By Madeline Black
Pilates has developed a reputation for building core strength, especially once the fitness and physical therapy worlds came to Pilates in the 1990s. But my history with early Pilates, studying in New York in the late ’80s, was always about the feet. Along the way, the core became the mantra of Pilates. I strongly feel the time has come to a focus on the feet again.
In Pilates, the feet are very important to the way we engage the body, and they deserve more attention. Feet bring to mind metaphors for moving us forward in life and finding our sense of place and existence in the world. Yet in our bodies, we pay little attention to them. We squish them into shoes, stand for long periods of time, walk on cement sidewalks. I live in the country, and we still do not pay attention to our feet here. If we did, we may lessen back issues, hip and knee pain, and release our necks.
From Sole to Spine
Our feet are not only our sensory input telling us where and how to step, but also they set up the balance of our pelvis and translate through the spine. How you use your feet has a direct influence on your core.
The way we stand on our feet, or how we move the feet, recruits different muscle lines up the leg into the pelvis. Body weight from our spine and pelvis is placed on the legs through the femur into the tibia. At the end of the tibia sits the talus.
The talus is one of my favorite bones of the foot because it reminds me of a turtle shell with the turtle’s head looking out. It is also the only bone in our body that has no muscle attachments! It moves according to the structures around it. Why is this important? The talus receives the body weight from the tibia, the main weight-bearing bone of the lower leg. The tibia is curved over the top of the talus “shell” with the fibula supporting the talus on one side. As the weight then transfers from the talus, it spreads through the foot. Depending on how we are moving or standing, the bones of the feet shift from the outside or inside. These shifts are dynamic and in turn shift the whole structure of our skeleton.
The Neutral Talus
The talus has a neutral position that is important to maintaining a neutral pelvis. The relationship of the talus is with the tibia from above and the navicular bone from below. If you draw a line connecting the talus, the navicular, the three cuneiform bones and first three metatarsals into the toes, you will see the medial arch (inner foot). The other side consists of the calcaneus, cuboid, the 4th and 5th metatarsals and toes. This is the lateral arch, or the outer foot. The inner foot is where we are more stable, and the outer foot spreads the weight and helps us right ourselves into stability. The inner foot line is extremely valuable for working on balance in standing.
Many people unfortunately pronate or collapse the medial arch and roll the arch in toward the floor or even onto the floor. When this happens, the navicular drops and the talus is pulled down out of its neutral position. The whole pull of the pronated foot influences the femur to roll in and pull on the pelvis anteriorly. Now, we have an anterior pelvis on this side. You can see how if you continue to look globally, the pull continues all the way up the body. By correcting the talus position you will see the body move back into a more neutral position globally. The neutral pelvis then provides the balanced position from which to engage the deep abdominals and strengthen the core.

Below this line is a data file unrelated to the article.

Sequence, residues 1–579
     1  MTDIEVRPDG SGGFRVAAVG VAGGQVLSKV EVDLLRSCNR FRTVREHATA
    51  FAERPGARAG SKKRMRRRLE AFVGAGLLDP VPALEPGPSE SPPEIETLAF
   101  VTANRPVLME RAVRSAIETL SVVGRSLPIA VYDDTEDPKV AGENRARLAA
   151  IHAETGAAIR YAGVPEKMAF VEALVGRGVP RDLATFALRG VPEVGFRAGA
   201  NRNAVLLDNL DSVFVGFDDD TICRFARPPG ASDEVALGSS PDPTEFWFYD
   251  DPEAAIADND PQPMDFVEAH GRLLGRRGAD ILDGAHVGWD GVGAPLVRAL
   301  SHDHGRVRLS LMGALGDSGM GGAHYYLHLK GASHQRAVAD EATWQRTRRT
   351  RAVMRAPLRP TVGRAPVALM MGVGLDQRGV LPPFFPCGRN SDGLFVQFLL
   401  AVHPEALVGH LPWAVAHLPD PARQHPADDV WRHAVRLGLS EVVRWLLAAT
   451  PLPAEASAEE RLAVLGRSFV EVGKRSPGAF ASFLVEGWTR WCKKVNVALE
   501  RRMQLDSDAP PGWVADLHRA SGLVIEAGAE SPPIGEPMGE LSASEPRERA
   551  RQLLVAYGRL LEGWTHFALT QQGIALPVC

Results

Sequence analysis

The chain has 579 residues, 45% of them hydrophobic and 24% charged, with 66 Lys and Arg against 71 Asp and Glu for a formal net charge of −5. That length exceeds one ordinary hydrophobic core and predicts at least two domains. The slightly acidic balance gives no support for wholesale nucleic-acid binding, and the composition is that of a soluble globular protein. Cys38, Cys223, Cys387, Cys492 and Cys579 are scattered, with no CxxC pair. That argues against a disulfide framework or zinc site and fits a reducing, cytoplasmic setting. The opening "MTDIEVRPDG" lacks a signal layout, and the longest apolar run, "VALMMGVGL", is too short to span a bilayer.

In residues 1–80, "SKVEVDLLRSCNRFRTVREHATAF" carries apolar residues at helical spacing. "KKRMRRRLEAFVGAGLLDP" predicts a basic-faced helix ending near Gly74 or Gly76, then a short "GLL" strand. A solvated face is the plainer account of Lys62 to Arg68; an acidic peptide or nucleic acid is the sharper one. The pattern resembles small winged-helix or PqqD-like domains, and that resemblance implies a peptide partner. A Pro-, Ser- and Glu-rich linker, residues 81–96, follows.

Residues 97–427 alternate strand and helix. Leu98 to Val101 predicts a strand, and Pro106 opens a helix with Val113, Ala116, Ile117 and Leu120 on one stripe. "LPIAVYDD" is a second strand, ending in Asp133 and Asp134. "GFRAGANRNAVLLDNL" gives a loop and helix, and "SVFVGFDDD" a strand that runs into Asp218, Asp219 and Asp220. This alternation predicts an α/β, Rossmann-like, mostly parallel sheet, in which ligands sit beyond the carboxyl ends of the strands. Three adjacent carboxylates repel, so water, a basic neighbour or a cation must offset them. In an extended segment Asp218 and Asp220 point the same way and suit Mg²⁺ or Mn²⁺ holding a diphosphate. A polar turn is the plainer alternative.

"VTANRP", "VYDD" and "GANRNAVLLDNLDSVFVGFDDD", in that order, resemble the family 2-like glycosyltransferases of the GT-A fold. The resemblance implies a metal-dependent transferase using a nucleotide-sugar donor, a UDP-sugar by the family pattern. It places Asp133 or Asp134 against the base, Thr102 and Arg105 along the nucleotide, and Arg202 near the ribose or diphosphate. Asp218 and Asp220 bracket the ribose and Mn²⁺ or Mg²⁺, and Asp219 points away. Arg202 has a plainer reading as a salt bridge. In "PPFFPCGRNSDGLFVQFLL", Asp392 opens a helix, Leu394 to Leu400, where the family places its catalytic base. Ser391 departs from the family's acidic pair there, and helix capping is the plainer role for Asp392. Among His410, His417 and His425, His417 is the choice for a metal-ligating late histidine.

The talus moves with its structures around it. The navicular bone is one of the bones that can pull it out of neutral. When you lift the inner arch, the navicular moves up and moves the talus laterally. When the inner arch drops, the navicular moves medially pulling the talus with it. Some people need more flexibility in this area and some more awareness of where it should sit. Naja Cori, an unrecognized “elder” whom I studied with in the 1980s, taught us a simple exercise to improve this area:
Arches In, Arches Out (Naja Cori)
Stand with the feet in a parallel position, legs straight and body upright, do not look down at your feet, use a mirror to watch the navicular moving down toward the floor and away from the floor. Roll the feet toward the lateral arch (outer border of the foot) lifting the inner arch. The big toe ball, (the MP joint and tip of the big toe) will lift slightly off the floor. Roll the medial arch (inner border of the feet) in. The weight will be more on the MP joint and less on the little toe ball. Rhythmically move the arches out and in and finish on the lateral arch after about 8 repetitions. Then slowly move the navicular bone toward the midline but only until the Achilles tendon is straight, do not go past this point. Try to maintain this position of the foot. [See the slideshow below.]